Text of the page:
Rabbi Sara Metz will be only the fourth rabbi to lead Congregation Anshei Israel in its 90-year history when she takes up the reins July 1.
“That’s so very exciting,” she says, acknowledging it is also challenging. “The community, and rightfully so, holds Rabbi Eisen in such high esteem. I have spoken with him a few times and in my short interactions I can very clearly see how kind, understanding, and wise a rabbi he is. Those are very big shoes to fill, and what I like to say is that I could never fill his shoes but I can fill my own pretty well.”
Metz also will be Anshei Israel’s first woman rabbi, but she sees that as less of a challenge. “There are many wonderful pieces of my experiences so far with the Anshei Israel community, and gender really hasn’t been mentioned. It’s not [been] a part of things and that was very refreshing,” she says.
“It is exciting to know that there is a group of young kids who may ask their parents, ‘Can a rabbi be a man?’” she adds.
Metz’s warmth coupled with her previous experience as an assistant rabbi in California and senior rabbi in New Jersey made her stand out among a slew of candidates, says Stephanie Roberts, Anshei Israel’s immediate past president and co-chair of the strategic direction and rabbinic transition task force with Phil Pepper. “Every time we interacted with her we wanted to hear more.”
Metz “has a very engaging personality,” says Dan Jurkowitz, president of the Anshei Israel board. He also was impressed with her depth of Judaic knowledge and her energy. The task force spent almost a year on the search process, he notes, which started with a survey of the entire congregation to see what people wanted in a rabbi. The task force interviewed many candidates, but only Metz and one other rabbi were invited to Tucson for a trial run.
Metz came to Anshei Israel to lead a Shabbat weekend in early March, which turned out to be the last Shabbat the congregation met in person before the coronavirus pandemic forced synagogues to close their doors and move services online.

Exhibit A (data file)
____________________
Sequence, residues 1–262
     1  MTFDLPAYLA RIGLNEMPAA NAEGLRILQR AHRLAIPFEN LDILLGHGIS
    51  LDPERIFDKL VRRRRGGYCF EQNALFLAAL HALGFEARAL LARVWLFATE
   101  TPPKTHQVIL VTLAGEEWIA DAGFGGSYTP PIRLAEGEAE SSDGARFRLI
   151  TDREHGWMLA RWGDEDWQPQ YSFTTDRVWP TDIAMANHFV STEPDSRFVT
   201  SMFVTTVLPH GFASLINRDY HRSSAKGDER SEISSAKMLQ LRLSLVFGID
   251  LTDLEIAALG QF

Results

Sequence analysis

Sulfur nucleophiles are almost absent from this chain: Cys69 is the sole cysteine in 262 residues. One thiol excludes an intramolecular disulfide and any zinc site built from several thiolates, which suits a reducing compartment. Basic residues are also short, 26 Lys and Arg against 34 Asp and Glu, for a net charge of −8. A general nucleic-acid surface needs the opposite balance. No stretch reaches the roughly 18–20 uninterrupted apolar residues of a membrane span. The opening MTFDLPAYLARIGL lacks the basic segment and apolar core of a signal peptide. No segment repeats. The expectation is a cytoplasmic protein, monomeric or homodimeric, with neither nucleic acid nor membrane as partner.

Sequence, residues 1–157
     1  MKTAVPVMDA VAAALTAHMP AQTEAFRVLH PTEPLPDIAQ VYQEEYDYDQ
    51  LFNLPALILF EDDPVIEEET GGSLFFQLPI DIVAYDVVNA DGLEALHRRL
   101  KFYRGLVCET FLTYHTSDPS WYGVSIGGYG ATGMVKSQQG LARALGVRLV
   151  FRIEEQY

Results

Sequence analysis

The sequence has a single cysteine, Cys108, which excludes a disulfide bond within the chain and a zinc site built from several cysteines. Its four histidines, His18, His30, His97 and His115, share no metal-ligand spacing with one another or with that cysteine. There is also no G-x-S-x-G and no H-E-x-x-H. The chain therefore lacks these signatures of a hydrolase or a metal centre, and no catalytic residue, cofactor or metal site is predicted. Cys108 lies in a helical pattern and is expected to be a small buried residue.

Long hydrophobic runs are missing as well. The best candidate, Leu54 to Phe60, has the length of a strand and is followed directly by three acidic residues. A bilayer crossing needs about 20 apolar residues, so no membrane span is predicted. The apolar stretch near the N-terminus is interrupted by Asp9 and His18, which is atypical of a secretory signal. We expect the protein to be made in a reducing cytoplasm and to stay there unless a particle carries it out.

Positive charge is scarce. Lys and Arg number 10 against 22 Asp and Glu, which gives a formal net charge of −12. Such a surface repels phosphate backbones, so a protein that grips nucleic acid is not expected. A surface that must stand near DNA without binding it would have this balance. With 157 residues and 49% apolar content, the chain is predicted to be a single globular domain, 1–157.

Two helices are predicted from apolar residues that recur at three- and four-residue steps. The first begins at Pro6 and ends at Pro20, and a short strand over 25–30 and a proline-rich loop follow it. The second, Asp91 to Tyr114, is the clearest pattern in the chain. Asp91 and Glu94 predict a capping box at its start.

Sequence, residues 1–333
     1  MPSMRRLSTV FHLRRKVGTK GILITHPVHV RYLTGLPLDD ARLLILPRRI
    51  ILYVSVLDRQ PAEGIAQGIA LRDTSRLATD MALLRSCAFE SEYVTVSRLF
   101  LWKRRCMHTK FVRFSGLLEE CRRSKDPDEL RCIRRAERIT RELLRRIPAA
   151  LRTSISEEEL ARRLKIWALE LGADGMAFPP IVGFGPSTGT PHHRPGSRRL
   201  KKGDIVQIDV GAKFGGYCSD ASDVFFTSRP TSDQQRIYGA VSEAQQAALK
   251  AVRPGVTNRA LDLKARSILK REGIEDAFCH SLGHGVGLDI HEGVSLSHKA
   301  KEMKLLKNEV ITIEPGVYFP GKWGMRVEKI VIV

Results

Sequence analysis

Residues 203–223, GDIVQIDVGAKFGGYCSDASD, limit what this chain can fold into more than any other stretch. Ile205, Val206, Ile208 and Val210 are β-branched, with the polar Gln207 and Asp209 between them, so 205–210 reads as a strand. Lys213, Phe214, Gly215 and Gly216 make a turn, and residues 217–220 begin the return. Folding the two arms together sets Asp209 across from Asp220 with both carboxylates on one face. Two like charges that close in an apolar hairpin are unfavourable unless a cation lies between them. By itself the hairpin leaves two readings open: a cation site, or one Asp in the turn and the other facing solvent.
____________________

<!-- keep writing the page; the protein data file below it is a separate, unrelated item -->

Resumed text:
“She came during a very difficult time,” says Nichole Chorny, Anshei Israel’s cantorial soloist. ”People were starting to not shake hands and be wary of being near each other, and it was a very awkward time to come. But she made everyone feel comfortable, even at a time of discomfort. She really led the congregation through that weekend with poise and calm and confidence.”
Surveys taken after the weekend were overwhelmingly positive, Roberts says.
A few members had initially expressed discomfort with the idea of a woman rabbi, Roberts says, but after the Shabbat weekend visit, the task force was confident Metz would be successful. “I have just been thrilled with the opportunity in front of us,” Roberts says.
Metz says her main plan as Anshei Israel’s new rabbi is to create relationships and get to know people. “In these unprecedented times, there are different challenges to that, but that just means I have to be a bit more creative … I am looking forward to getting to know people, and to meeting them where they are, and for all of us to work together on our respective Jewish journeys.”
In different times, she says, she would ask young families, kids, and teens what they like to do, then plan activities where they could spend time at venues such as a trampoline park.